Also, he or she must be aware that the detailed and constant analysis within the extreme project management is the safest way for the clients to know the benefits that will be gained.
Bottom line is that XPM (Extreme project management) helps the manager to manage the unknown. And when we say the unknown – we mean all those variables that change and turn up as an extreme project progresses. The XPM teams must be willing to make several attempts to get it right instead of simply focusing on completing everything after the first attempt.
Extreme management in the Telco industry
The change of global legal regulations within the Telco industry created a hypercompetitive market. This means that, if they want to keep on swimming, Telco organizations must create a constant stream of new products to market, in order to survive. Also, they must grow continuously.
New technology challenges
New technology brings out at the table a whole new set of challenges and conditions to be fulfilled. For example, when it comes to a new technology, the first challenge is to get all stakeholders’ agreement on the project scope. This attaches new problems – different expectations and assumptions about new, sometimes immature technology. It is unknown, unfamiliar, unidentified and for that – it can cause delays, risks, prolonging the delivery date, and even the entire project!
What happens very often is that most Telco companies select an area to beat their competition, opening a gap between them by offering completely new solutions, products, services, and technologies. However, this does not come without a cost or a risk – being the first means you have to pay a high price for such novelty and prepare for the cost of solving early adopters’ problems. The worst-case scenario is that you don’t attract new customers who value such an innovative product, but instead, you end up paying the high price and not gaining new customers in return.
It is safe to say that extreme project management is perfect for the Telco industry. Mostly because this industry requires fast-paced work due to its highly complex project needs and outcomes with a lot of frequent changes to the project requirements as the project progresses. Also, we must count on a trial-and-error approach to see what works and a self-correcting process when things go wrong. As most of the projects are people-driven instead of process-driven, Telco teams don’t adapt their projects to fit the model, they rather adapt models to fit the project!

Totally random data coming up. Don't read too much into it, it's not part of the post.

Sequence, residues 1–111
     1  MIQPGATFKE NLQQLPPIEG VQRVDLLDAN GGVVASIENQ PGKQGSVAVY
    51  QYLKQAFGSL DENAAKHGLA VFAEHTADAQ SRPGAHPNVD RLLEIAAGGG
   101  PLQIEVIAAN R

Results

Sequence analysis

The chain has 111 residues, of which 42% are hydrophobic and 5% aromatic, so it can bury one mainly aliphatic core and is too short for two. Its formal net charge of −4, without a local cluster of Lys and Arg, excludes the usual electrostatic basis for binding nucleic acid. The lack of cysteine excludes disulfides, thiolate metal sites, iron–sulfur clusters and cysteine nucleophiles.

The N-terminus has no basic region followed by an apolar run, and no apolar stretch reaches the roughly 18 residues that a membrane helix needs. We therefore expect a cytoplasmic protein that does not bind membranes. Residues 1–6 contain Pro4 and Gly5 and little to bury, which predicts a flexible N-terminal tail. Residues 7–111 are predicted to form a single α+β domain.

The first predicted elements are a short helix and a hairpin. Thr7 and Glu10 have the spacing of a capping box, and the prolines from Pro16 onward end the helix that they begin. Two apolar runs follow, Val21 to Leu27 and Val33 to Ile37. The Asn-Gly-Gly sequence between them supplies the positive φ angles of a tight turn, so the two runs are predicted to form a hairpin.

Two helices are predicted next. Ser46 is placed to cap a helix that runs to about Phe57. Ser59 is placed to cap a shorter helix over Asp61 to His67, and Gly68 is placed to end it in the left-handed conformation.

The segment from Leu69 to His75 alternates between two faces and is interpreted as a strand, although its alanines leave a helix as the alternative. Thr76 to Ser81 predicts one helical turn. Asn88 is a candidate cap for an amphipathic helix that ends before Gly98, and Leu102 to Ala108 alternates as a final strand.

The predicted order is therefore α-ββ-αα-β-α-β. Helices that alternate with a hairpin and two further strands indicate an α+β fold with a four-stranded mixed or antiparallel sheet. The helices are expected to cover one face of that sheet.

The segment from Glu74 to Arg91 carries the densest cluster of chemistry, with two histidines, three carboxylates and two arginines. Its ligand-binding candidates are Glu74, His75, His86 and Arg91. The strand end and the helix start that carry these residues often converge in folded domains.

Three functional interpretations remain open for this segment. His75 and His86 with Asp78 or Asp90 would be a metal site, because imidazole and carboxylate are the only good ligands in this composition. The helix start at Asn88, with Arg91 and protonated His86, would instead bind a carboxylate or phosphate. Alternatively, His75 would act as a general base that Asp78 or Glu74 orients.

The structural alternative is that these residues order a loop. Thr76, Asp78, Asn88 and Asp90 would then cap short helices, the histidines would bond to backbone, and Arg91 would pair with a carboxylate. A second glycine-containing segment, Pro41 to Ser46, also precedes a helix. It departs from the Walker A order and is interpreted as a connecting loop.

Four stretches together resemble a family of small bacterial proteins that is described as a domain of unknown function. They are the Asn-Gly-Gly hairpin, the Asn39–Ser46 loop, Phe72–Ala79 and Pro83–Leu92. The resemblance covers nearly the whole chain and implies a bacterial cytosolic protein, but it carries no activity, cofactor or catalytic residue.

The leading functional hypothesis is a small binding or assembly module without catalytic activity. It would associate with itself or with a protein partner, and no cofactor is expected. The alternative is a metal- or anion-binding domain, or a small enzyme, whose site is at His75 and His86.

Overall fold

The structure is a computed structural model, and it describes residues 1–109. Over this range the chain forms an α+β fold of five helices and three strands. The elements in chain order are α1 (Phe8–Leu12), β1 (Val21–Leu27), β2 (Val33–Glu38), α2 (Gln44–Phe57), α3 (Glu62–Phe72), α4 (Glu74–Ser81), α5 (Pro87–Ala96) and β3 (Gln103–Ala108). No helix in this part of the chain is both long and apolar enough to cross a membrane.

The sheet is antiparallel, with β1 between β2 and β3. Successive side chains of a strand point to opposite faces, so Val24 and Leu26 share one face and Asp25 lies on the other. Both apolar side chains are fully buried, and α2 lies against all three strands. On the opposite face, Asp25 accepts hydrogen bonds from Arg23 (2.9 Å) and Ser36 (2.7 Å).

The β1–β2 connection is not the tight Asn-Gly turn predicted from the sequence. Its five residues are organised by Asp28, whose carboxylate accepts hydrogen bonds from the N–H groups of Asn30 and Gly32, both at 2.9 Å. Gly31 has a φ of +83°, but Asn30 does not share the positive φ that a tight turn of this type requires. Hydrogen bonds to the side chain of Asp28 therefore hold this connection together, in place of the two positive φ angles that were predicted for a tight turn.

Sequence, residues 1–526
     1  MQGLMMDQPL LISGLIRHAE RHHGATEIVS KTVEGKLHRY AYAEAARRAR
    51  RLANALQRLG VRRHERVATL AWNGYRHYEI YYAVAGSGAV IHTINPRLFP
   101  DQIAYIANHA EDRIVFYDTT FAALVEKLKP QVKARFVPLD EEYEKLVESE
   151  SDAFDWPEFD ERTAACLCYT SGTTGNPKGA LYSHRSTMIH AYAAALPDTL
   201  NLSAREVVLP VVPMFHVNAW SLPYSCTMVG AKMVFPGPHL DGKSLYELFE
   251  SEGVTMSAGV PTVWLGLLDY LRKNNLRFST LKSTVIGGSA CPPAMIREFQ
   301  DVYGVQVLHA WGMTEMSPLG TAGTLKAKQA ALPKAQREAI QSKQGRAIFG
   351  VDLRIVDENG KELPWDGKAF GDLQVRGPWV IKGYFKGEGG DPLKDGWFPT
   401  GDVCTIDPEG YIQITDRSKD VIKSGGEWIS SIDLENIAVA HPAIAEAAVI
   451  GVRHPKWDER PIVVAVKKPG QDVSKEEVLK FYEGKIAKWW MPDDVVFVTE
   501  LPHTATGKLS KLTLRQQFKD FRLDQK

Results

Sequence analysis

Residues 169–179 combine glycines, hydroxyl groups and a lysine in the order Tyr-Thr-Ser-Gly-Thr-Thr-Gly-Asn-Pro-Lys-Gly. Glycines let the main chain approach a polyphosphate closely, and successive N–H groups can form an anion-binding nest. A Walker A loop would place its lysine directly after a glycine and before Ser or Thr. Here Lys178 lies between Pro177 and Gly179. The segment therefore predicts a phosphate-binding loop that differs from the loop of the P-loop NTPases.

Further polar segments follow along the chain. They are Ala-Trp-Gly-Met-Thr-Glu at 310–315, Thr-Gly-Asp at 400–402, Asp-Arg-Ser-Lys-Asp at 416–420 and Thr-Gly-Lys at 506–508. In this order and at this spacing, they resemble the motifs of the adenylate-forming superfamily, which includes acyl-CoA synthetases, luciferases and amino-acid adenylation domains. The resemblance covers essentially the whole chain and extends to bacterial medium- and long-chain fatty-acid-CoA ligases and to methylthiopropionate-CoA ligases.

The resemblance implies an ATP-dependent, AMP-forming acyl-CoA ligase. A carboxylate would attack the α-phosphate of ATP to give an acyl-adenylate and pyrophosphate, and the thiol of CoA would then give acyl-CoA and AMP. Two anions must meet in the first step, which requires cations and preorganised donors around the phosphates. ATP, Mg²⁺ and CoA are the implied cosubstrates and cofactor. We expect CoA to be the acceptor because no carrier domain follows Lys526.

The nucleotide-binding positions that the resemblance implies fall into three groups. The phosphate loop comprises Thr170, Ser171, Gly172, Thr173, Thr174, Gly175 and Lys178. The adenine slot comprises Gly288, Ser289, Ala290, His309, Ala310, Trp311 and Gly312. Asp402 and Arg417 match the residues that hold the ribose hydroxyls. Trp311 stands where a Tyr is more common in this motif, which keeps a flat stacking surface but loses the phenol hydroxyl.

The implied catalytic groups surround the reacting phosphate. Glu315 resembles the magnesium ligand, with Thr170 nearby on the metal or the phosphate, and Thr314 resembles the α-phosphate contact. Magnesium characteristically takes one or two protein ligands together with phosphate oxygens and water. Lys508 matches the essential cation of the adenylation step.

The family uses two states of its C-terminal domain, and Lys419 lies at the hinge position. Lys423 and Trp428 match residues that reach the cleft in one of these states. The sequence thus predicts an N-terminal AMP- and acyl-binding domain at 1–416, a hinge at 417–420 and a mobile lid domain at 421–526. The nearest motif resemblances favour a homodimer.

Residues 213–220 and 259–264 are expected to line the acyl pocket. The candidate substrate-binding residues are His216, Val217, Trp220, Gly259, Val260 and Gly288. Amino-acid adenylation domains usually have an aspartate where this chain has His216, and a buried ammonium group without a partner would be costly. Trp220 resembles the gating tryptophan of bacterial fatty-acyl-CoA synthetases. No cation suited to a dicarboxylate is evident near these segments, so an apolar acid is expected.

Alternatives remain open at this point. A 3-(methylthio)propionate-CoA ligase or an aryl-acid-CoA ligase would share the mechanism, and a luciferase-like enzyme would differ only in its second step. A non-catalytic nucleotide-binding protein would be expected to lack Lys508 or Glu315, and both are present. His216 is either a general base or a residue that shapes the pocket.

Extreme project management is an answer to the industry’s challenges.
This kind of open and pretty much flexible approach is the perfect solution for all the challenges that are coming our way. For example, the ever-growing need for traditional communications services is losing its battle. The process of digitization today moves at a much faster pace. Every organization must have a presence in the cloud to adhere to consumer expectations, and compete in their industry, while, at the same time, they must protect themselves against potential issues. This means that the security and the threat of data breaches continue to be a common trend for the challenges in days before us. The demand for better security will still be in the focus, together with efforts to ensure that people continue to feel safe in this rapidly virtual environment. Having in mind that society today demands telecom companies to guarantee their transparency towards consumers and clients about how they use data, Telco companies will have to ensure that they have the right systems to track the flow of information from beginning to end.
New era, new telco. Does this look like it can benefit from the old-school concept?
So, let’s go slowly into this transition, as this is what it is. A transition to an extreme PM.
We don’t think so, as well. For starters, go and combine until you find a perfect blend of classical and extreme project management. You can combine traditional and expert techniques, like change management, stakeholder satisfaction, virtual teams management, and, scheduling and cost compression.
And now comes the paradox. While adopting a new approach, extreme project management, project managers must keep it simple. Yes, we know, it sounds a bit off, but it is the safest way to implement a new type of project management that is smart, complex, and – extreme!